The consequences of the pandemic crisis for job markets is also affecting child labour, which in Argentina now reaches a tenth of all children in the 5-15 years age-group and 30 percent of adolescents aged between 16 and 17.
The shocking figures come from the most recent Encuesta de Actividades de Niños, Niñas y Adolescentes survey (Eanna 2016/17). Now a new study by the International Labour Organisation (ILO), Unicef and the Labour Ministry points out that 16 percent in the 13 to 17 years age-group work for the market. Of that total, half began to do so during last year’s quarantine.
“Not only did half of the child labour commence their market-oriented activities during quarantine but those already working before the pandemic found themselves doing so with greater intensity in the current context,” says Bárbara Perrot, who coordinates the ILO’s MAP16 project in Argentina.
According to the same study, a tenth of all adolescents sought work during the pandemic, independent of whether they were already active or not.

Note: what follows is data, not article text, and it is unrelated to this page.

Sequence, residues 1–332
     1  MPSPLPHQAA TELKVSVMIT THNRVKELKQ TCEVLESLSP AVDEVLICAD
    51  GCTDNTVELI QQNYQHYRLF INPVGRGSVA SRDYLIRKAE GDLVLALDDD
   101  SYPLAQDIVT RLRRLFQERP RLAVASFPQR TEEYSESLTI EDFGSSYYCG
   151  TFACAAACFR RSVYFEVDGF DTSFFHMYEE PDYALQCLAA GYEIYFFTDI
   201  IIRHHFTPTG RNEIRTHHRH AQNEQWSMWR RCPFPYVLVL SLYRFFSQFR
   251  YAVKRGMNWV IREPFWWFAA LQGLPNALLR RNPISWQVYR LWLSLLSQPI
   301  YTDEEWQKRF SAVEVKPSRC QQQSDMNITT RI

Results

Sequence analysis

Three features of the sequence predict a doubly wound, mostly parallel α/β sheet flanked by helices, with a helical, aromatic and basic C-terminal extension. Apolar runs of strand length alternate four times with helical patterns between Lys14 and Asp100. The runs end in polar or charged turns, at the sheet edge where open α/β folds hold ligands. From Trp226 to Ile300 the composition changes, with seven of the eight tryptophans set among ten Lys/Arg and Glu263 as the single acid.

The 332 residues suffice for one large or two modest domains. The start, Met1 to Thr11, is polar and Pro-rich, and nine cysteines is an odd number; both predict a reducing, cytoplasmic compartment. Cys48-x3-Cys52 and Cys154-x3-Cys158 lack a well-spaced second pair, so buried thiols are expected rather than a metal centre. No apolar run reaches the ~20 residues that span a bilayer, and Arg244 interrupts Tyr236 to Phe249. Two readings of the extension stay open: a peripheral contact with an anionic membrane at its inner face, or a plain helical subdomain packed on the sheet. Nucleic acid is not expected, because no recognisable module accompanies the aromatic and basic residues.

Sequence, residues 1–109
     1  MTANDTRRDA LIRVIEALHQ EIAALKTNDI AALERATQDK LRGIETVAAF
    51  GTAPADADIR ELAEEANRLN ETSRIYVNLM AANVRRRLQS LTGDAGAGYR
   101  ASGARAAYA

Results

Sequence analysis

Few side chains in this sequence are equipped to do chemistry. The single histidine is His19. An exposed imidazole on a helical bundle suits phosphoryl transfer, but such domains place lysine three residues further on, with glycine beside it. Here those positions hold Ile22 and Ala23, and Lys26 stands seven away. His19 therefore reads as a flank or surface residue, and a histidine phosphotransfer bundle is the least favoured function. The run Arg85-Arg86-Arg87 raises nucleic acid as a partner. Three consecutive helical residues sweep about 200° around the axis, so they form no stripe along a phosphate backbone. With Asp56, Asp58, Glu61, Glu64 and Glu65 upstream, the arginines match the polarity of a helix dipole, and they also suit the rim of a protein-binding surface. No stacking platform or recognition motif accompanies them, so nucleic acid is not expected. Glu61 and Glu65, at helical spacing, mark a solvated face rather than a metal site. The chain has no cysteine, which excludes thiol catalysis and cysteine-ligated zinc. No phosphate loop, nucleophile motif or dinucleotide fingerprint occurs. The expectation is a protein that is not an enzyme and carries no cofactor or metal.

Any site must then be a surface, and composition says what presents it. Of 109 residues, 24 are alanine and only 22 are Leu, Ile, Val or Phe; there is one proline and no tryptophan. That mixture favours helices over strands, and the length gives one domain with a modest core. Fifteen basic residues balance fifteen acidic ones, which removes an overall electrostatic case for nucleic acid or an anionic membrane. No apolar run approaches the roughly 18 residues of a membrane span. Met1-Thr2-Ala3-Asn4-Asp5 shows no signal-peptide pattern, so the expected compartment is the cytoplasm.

“This indicates that had they found a job, the number of adolescents working for the market would be even greater than the 16 percent surveyed,” explained the ILO project coordinator. For the national coordinator of the Offside project of ILO Argentina, María Eugenia Figueroa, these new data “place in evidence that the preexistent processes of inequality have deepened, sounding an alert for the possible future effects on this population.”
According to the Permanent Household Survey, between the last quarters of 2019 and 2020, the workforce fell from 47.2 to 45 percent of the population. Women, youth and the informally employed were particularly affected by that contraction.
On the other hand, the study points out that 63 percent of the children and adolescents not engaged in any productive activity reside in homes whose members have not had any problems on the job market. Domestic tasks have increased, a burden falling especially on women with 57 percent of the adult women consulted feeling more overworked since the start of the pandemic with child care in first place.